GSBE Weekly Update 11/07/2018
Governor Brown Signs AB 1654 Exempting Union Contractors from PAGA
Effective January 1, 2019, construction workers covered by certain collective bargaining agreements (“CBA”) will be exempt from the Private Attorneys General Act of 2004, commonly referred to as PAGA.
PAGA allows an aggrieved employee to bring a civil action to recover civil penalties that would otherwise only be recoverable by the Labor and Workforce Development Agency (“LWDA”) on behalf of the aggrieved employee and other current and former employees for certain violations of the California Labor Code. Under PAGA 75% of civil penalties are distributed to the LWDA and 25% are distributed to the aggrieved employees. Superior court review is required for approval of any settlement under PAGA.
Required Language in the Collective Bargaining Agreement
Under AB 1654, an employee in the construction industry is exempt from the provisions of PAGA if the employee is covered by a CBA in effect at any time before January 1, 2025 that contains the following provisions:
- A grievance and binding arbitration procedure to redress violations that would be redressable under PAGA;
- An express waiver of the requirements of PAGA in clear and unambiguous terms; and
- Permission for an arbitrator to award any and all remedies otherwise available under PAGA, except for the award of penalties that would be payable to the LWDA.
Such CBAs must expressly provide for, among other things, a grievance and binding arbitration procedure to redress violations that would otherwise be remedied under PAGA and a regular hourly pay rate of not less than 30% more than the state minimum wage.
The exemption will expire on the date the CBA expires or on January 1, 2028, whichever occurs earlier.
“Employee in the Construction Industry” Defined
AB 1654 defines an employee in the construction industry as an “employee performing work associated with construction, including work involving alteration, demolition, building, excavation, renovation, remodeling, maintenance, improvement, repair work, and other work.”
What This Means For Employers
AB 1654 allows signatory construction industry employers to direct costly PAGA actions from a court setting to the CBA grievance and arbitration mechanism. Signatory contractors should evaluate the terms of their CBAs and consider opening bargaining with applicable unions to bargain for inclusion of the language specified in AB 1654 for the PAGA carve out to apply.
IRS: 401(k) and IRA Contribution Limits Increase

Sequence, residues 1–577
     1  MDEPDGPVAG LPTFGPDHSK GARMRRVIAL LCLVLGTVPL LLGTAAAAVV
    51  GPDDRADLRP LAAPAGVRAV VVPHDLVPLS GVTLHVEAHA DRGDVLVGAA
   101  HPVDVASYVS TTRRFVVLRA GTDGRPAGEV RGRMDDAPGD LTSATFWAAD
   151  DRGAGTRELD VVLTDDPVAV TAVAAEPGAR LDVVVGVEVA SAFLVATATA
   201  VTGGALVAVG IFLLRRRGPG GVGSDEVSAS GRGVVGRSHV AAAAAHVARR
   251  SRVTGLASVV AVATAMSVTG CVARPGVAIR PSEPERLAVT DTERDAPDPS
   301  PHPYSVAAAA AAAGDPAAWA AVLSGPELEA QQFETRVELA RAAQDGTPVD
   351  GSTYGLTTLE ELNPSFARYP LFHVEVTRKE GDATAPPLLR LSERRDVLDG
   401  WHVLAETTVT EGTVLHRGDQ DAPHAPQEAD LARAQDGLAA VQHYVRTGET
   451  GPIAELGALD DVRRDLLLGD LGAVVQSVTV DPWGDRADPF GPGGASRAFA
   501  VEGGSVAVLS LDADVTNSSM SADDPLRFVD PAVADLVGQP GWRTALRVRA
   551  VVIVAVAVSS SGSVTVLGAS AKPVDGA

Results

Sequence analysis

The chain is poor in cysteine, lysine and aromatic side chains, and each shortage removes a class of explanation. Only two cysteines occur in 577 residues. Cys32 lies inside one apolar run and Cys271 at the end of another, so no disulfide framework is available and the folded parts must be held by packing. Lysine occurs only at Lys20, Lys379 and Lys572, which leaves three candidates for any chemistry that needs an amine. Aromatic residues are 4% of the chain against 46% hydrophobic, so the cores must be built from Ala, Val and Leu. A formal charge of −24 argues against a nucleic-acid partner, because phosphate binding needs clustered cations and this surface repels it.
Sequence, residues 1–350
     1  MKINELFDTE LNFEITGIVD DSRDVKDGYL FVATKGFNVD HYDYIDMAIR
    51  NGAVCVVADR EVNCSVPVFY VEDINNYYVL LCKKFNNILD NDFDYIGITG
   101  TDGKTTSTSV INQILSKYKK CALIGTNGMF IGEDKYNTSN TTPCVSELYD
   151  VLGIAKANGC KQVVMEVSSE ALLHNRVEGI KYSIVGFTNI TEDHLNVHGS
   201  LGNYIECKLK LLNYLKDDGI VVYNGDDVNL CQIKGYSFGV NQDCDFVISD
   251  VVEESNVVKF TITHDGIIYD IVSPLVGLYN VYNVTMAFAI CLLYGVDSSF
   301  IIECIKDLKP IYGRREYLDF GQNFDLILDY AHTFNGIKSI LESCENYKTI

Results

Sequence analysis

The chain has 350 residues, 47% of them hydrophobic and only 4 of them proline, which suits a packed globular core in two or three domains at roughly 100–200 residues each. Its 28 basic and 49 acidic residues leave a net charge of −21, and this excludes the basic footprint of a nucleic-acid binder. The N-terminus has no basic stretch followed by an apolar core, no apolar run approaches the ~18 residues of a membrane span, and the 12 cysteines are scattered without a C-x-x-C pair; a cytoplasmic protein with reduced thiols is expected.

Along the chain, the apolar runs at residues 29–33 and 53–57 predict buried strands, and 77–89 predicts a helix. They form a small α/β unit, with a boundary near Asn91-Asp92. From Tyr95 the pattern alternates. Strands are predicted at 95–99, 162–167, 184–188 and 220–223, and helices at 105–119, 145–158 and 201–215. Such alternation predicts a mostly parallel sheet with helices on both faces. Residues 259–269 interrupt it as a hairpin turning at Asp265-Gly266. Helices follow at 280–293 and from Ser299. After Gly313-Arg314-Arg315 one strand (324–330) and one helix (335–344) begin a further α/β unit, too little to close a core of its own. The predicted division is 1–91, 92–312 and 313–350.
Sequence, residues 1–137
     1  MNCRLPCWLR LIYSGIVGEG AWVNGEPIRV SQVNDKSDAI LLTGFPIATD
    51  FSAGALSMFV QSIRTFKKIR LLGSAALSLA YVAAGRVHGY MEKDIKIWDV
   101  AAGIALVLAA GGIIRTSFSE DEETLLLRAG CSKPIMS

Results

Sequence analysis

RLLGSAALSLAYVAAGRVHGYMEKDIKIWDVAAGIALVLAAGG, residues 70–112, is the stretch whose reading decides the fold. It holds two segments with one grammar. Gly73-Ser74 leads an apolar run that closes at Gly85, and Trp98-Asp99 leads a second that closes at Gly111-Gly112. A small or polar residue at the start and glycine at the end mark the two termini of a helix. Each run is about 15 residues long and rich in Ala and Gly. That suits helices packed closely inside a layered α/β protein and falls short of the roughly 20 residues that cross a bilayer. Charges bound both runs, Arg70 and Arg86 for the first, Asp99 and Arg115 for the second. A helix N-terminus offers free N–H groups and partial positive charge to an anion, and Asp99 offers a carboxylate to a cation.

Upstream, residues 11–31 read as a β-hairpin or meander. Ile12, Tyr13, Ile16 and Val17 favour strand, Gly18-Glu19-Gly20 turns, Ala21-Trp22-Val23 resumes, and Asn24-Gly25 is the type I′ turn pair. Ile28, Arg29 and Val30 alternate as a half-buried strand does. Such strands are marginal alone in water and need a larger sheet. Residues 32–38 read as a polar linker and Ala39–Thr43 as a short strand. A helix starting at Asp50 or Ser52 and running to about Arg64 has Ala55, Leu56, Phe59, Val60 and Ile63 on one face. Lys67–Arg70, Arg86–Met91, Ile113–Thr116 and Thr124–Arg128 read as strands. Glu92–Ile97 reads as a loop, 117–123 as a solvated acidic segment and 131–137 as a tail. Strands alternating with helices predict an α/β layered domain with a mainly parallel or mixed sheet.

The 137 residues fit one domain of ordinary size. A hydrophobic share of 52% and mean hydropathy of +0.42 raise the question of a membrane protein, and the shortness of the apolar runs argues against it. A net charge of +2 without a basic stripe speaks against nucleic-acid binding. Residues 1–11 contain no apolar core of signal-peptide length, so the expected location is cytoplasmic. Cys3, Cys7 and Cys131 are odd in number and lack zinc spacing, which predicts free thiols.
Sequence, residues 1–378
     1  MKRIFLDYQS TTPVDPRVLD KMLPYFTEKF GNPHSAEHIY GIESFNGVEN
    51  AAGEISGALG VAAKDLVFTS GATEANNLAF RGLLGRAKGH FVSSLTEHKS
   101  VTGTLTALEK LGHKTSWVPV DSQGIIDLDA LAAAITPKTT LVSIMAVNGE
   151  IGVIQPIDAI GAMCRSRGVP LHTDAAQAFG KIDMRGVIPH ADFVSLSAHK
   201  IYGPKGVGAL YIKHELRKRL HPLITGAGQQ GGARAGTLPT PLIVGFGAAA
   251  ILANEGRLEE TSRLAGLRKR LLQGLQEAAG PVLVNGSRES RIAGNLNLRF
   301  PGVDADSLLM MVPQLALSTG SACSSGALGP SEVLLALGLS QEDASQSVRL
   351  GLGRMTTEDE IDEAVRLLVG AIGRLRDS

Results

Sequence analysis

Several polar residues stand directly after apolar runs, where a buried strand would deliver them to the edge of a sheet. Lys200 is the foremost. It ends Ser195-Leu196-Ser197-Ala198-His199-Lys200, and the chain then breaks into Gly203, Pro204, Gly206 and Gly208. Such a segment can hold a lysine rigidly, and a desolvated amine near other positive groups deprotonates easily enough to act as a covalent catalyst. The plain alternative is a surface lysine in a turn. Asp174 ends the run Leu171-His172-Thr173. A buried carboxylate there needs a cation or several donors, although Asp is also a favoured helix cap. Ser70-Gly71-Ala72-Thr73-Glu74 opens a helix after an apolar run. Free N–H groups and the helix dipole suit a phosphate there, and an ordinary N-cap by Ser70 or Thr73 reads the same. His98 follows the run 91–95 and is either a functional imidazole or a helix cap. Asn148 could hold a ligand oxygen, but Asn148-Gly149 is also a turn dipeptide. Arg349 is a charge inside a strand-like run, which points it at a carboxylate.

The Internal Revenue Service (IRS) has announced cost of living adjustments affecting dollar limitations for pension plans and other retirement-related items for tax year 2019.
The IRS issued technical guidance detailing these items in Notice 2018-83.
Highlights of Changes for 2019
The contribution limit for employees who participate in 401(k), 403(b), most 457 plans, and the federal government’s Thrift Savings Plan is increased from $18,500 to $19,000.
The limit on annual contributions to an Individual Retirement Arrangement (IRA), which last increased in 2013, is increased from $5,500 to $6,000. The additional catch-up contribution limit for individuals aged 50 and over is not subject to an annual cost-of-living adjustment and remains $1,000.
The income ranges for determining eligibility to make deductible contributions to traditional IRAs, to contribute to Roth IRAs and to claim the saver’s credit all increased for 2019.
Taxpayers can deduct contributions to a traditional IRA if they meet certain conditions. If during the year either the taxpayer or his/her spouse was covered by a retirement plan at work, the deduction may be reduced, or phased out, until it is eliminated, depending on filing status and income. (If neither the taxpayer nor his/her spouse is covered by a retirement plan at work, the phase-outs of the deduction do not apply.) Here are the phase-out ranges for 2019:
- For single taxpayers covered by a workplace retirement plan, the phase-out range is $64,000 to $74,000, up from $63,000 to $73,000.
- For married couples filing jointly, where the spouse making the IRA contribution is covered by a workplace retirement plan, the phase-out range is $103,000 to $123,000, up from $101,000 to $121,000.
- For an IRA contributor who is not covered by a workplace retirement plan and is married to someone who is covered, the deduction is phased out if the couple’s income is between $193,000 and $203,000, up from $189,000 and $199,000.
- For a married individual filing a separate return who is covered by a workplace retirement plan, the phase-out range is not subject to an annual cost-of-living adjustment and remains $0 to $10,000.
The income phase-out range for taxpayers making contributions to a Roth IRA is $122,000 to $137,000 for singles and heads of household, up from $120,000 to $135,000. For married couples filing jointly, the income phase-out range is $193,000 to $203,000, up from $189,000 to $199,000. The phase-out range for a married individual filing a separate return who makes contributions to a Roth IRA is not subject to an annual cost-of-living adjustment and remains $0 to $10,000.
The income limit for the Saver’s Credit (also known as the Retirement Savings Contributions Credit) for low- and moderate-income workers is $64,000 for married couples filing jointly, up from $63,000; $48,000 for heads of household, up from $47,250; and $32,000 for singles and married individuals filing separately, up from $31,500.
Highlights of Limitations that Remain Unchanged from 2018
The catch-up contribution limit for employees aged 50 and over who participate in 401(k), 403(b), most 457 plans and the federal government’s Thrift Savings Plan remains unchanged at $6,000.